Will Donald Trump walk away from the Iran nuclear deal, as he has threatened, on May 12? In these pages, I explained why it is in his interests to instead craft a new deal with the European signatories and claim to have “fixed” the Iran agreement. However, many signs suggest he’s determined to definitively reject it. That could all be misdirection – or fair warning.
Most conversations now hinge on the binary question of whether Mr Trump will “fix or nix” the Iran nuclear agreement. But in practice he has a wide range of options for rejecting the deal.
Mr Trump has already “decertified” the agreement by declining to assure Congress that the Iran deal is satisfying four provisions of the Iran Nuclear Agreement Review Act. On January 13 and April 13, he withheld such certification, an act that allows Congress to use expedited procedures to quickly reimpose sanctions (which would be a material breach of US commitments under the deal). But Congress hasn’t done that, so the US, like Iran, is still in compliance.
If Mr Trump asked Republicans in Congress to reimpose sanctions on Iran, they certainly would. But he can also act on his own by declining to renew various sanctions waivers, issuing new executive orders to reinstate earlier orders that were revoked to implement the nuclear agreement, or issuing new sanctions through entirely novel executive orders.
Despite his constant threats, Mr Trump has consistently renewed waivers on Iranian sanctions whenever they have come up. However, on January 12, he insisted he wouldn’t do that again unless the agreement was “fixed” to answer his various criticisms. Next Saturday's date is crucial because it’s the next time certain waivers – those on a 120-day schedule – must be renewed. Other waivers on a 180-day schedule, are due to expire in mid-July.
If he lets any of these waivers expire, key US sanctions will automatically “snap back” into effect, putting Washington in material breach of the agreement with Tehran.
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Mr Trump could also use provisions of the agreement itself to walk away. Paragraph 36 outlines a dispute resolution mechanism and states that “if the complaining participant deems the issue to constitute significant non-performance, then that participant could treat the unresolved issue as grounds to cease performing its commitments”. Mr Trump could present the International Atomic Energy Agency and others with “credible and accurate information” involving an “uncured material breach” by Iran and effectively sink the whole deal.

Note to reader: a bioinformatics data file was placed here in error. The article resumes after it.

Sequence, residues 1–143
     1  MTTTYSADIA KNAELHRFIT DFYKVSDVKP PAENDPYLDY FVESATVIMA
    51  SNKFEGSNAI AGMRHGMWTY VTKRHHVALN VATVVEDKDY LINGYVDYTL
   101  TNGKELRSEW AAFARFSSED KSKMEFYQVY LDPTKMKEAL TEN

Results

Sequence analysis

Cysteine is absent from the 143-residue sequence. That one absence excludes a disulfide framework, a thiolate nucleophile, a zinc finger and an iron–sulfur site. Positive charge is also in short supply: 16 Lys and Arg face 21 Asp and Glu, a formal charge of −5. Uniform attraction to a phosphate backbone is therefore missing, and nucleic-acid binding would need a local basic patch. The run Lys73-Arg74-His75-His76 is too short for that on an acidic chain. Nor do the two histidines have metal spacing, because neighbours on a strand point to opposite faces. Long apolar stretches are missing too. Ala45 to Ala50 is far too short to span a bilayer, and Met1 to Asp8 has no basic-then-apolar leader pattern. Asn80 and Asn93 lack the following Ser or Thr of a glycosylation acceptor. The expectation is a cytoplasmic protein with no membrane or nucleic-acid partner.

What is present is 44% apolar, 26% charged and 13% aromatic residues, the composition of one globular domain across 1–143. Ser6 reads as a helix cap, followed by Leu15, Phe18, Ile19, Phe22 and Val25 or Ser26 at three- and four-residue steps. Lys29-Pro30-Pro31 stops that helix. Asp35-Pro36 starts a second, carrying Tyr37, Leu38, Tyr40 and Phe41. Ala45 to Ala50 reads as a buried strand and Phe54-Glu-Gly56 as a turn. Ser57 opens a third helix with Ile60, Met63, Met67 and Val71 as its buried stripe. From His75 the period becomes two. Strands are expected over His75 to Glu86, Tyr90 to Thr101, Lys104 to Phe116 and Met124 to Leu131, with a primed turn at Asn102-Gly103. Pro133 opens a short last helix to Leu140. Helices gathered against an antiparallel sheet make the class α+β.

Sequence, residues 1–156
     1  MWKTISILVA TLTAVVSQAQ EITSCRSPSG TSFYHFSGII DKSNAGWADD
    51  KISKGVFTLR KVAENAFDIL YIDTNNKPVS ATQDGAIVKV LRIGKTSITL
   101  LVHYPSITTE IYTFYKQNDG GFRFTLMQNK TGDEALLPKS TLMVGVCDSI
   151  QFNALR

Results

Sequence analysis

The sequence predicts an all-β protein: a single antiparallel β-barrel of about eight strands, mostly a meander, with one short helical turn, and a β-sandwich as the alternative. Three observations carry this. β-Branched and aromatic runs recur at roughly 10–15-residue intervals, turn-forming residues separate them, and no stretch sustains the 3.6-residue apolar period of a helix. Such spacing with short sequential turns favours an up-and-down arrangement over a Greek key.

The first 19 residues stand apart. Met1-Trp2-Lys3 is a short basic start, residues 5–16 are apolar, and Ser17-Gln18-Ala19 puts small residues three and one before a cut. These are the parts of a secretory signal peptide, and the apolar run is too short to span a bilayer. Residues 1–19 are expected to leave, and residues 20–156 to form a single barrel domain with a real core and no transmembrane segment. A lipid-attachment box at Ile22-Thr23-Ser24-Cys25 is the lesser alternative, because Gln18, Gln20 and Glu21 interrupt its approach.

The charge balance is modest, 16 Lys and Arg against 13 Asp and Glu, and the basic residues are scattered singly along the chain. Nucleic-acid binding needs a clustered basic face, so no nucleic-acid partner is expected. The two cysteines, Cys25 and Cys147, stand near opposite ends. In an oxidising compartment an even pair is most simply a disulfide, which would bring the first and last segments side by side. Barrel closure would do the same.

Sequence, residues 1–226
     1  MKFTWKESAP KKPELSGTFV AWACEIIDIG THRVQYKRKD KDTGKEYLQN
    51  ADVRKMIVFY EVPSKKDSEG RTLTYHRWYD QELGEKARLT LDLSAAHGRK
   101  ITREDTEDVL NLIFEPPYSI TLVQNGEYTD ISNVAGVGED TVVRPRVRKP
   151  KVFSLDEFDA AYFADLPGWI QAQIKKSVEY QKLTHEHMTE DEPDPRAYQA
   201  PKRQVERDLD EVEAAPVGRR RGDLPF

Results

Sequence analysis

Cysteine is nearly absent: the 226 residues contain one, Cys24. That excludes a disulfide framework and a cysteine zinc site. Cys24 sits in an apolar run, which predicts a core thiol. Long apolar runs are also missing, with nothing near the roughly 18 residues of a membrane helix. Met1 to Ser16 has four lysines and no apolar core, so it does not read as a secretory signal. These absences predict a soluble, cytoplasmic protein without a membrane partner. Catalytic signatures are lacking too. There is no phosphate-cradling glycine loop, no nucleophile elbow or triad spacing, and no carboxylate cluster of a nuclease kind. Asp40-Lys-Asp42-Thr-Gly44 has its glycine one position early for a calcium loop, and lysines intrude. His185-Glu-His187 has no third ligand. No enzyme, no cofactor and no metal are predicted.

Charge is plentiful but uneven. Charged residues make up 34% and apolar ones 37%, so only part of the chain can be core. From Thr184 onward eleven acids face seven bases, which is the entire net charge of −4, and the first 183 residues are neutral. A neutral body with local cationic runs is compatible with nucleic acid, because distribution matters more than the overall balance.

Such an action could only be blocked by the UN Security Council but the US could simply veto any such resolution. Since all the evidence suggests Iran is complying, this path would greatly exacerbate the diplomatic and political costs of a US withdrawal by (probably unsuccessfully) attempting to force other parties, including Europeans, Russia and China, to reimpose the old multilateral sanctions on what they will undoubtedly regard as spurious grounds.
If Mr Trump chooses instead to reimpose unilateral US sanctions, either on his own or through Congress, that, too, will not be simple. His team will have to undo all the administrative de-listing of Iranian entities that was needed to implement the agreement, reimpose revoked sanctions, decide if any new Iranian entities will be included and determine what penalties would apply to US and international violators.
This is where Mr Trump’s decision becomes most complex. If the United States withdraws from the agreement but re-institutes only a small range of sanctions on non-essential Iranian entities and, especially, does not try to penalise European and other international entities doing business with Iran’s core institutions, the nuclear deal could, at least for a time, survive a US rejection. But what would be the point of such a theatrical, hollow exercise?
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If, on the other hand, the Trump administration re-sanctioned key Iranian entities such as the Central Bank of Iran, the Islamic Republic of Iran Shipping Lines, Iran Air and the National Iranian Oil Company, and attempts to unilaterally enforce third-party sanctions against European entities doing business with Iran, there is little chance that Iran would continue with the agreement. And under such circumstances, there is a high likelihood that Britain, Germany and France, not to mention Russia and China, would blame Washington entirely – and Tehran not at all – for the agreement’s collapse.
It’s hard to imagine how a new round of sanctions can really be effective without US coordination with European and other powers, which would also require a clear understanding of what goals are being pursued. Simply trying to give everyone a binary choice of either doing business with the United States or Iran might be a disaster for Tehran but won’t prove much of a win for Washington either.
If he’s going to scrap the deal, Mr Trump must have a sophisticated plan B for how to alter Iran’s calculations and behaviour. To be effective, that new approach will require international coordination and successfully persuading, not trying to force, other powers to cooperate with it. Which brings us back to the inescapable conclusion: an agreement with the Europeans to “fix” and not “nix” the “worst deal ever” is the only sensible move.
Hussein Ibish is a senior resident scholar at the Arab Gulf States Institute in Washington DC